St. Catherine Hospital doctor addresses COVID-19 outbreak

Until about 15 years ago there were only four known coronaviruses, then SARS emerged and then a few years later there was MERS, said Dr. James Zauche, a pediatrician and COVID-19 spokesman at St. Catherine Hospital.

All three viruses originated with some kind of animal and then altered in some fashion to become infectious for humans, Zauche said.

Like SARS and MERS, COVID-19 is a respiratory virus, Zauche said.

“The infection causes symptoms very similar to what we would commonly associate with influenza — fever, cough, shortness of breath,” he said. “It's quite uncommon to have stomach or intestinal kinds of symptoms. They tend to be respiratory.”

COVID-19 has been identified in nearly every state, Zauche said, but there’s a “very low incidence in Kansas at this time in contrast to Seattle or New York.”

While not widespread in Kansas, Zauche said St. Catherine’s has been working with the Finney County Health Department to prepare in the event COVID-19 spreads to the Garden City area.

Zauche encourages people to access the FCHD website or the Centers for Disease Control and Prevention’s website if they are concerned they might have COVID-19.

On the FCHD website there is a phone number for the Finney County Coronavirus COVID-19 hotline.

The website gives information and updates on COVID-19 in Finney County and the state of Kansas, facts about the virus and what people should do if they think they are sick to prevent the spread and if they need to see a doctor.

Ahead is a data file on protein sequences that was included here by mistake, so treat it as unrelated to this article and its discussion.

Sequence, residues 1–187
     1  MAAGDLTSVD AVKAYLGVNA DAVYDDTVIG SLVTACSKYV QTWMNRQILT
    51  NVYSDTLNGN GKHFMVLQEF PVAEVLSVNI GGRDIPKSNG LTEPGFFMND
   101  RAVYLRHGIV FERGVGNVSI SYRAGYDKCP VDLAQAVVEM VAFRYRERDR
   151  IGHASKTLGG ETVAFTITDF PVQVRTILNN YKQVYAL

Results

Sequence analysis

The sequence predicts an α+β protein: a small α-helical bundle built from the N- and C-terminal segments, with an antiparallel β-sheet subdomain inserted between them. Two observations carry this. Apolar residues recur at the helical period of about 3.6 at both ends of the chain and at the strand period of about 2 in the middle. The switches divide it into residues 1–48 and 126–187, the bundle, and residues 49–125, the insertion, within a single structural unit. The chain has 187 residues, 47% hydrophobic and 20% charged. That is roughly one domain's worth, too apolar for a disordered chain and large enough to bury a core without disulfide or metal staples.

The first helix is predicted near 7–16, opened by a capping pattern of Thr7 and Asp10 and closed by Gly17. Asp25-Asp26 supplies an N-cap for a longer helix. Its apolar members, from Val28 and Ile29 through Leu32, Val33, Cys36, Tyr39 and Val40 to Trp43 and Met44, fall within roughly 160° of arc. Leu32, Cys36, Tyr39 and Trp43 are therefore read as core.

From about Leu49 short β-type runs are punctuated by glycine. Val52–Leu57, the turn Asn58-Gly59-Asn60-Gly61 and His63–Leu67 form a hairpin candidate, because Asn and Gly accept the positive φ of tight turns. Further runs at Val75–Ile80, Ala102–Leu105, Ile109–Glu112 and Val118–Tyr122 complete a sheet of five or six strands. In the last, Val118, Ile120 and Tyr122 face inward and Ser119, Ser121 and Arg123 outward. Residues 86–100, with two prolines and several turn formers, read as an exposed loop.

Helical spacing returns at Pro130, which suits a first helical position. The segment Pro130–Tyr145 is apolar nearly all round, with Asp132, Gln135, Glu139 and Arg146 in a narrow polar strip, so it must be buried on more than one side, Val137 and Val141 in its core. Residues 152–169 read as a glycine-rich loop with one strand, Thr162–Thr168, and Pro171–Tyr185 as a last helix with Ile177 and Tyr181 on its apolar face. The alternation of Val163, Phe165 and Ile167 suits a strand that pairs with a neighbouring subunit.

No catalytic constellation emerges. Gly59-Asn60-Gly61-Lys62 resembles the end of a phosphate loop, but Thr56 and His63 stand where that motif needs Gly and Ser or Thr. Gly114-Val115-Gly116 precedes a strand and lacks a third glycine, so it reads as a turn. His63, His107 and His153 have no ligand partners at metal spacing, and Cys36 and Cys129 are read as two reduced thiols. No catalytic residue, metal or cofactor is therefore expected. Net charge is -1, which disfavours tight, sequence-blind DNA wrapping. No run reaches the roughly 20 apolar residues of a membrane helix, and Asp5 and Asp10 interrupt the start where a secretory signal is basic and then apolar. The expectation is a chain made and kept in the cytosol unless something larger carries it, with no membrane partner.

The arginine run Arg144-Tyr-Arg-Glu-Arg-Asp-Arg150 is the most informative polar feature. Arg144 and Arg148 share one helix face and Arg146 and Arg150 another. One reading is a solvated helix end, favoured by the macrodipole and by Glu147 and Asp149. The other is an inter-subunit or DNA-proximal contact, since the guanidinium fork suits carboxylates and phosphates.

If sick, the website says to call the hotline first before going to the doctor. The number is 620-272-3600.

If the FCHD determines someone has a potential case and they need to come in to be tested, the health department will give them instructions on how to get care without exposing others.

In case of critically ill patients with potential COVID-19, call the St. Catherine Emergency Department directly at 620-272-2290.

Zauche said the majority of people who catch the virus will not get seriously sick.

Those patients are advised to stay home and take measures similar to if they had a cold or the flu.

Zauche said staying home protects “the rest of the community from the virus that they might be shedding.”

The potential incubation period for the virus is 14 days, but the average is only four days from the time of exposure, Zauche said.

“The problem is people can start shedding the virus before they start feeling sick,” he said. “That is why people who are coming back on cruise ships are being quarantined for 14 days. Because we don't know if or when they're going to get sick.”

That’s why it’s important for people to be informed about the virus and why they should stay home if they feel ill, Zauche said. Someone doesn’t have to be seriously ill to spread the virus.

“Most of the people who get the infection are not going to be seriously sick, and we need to give them information so they don't spread it to some elderly, sickly person who could get seriously sick,” he said.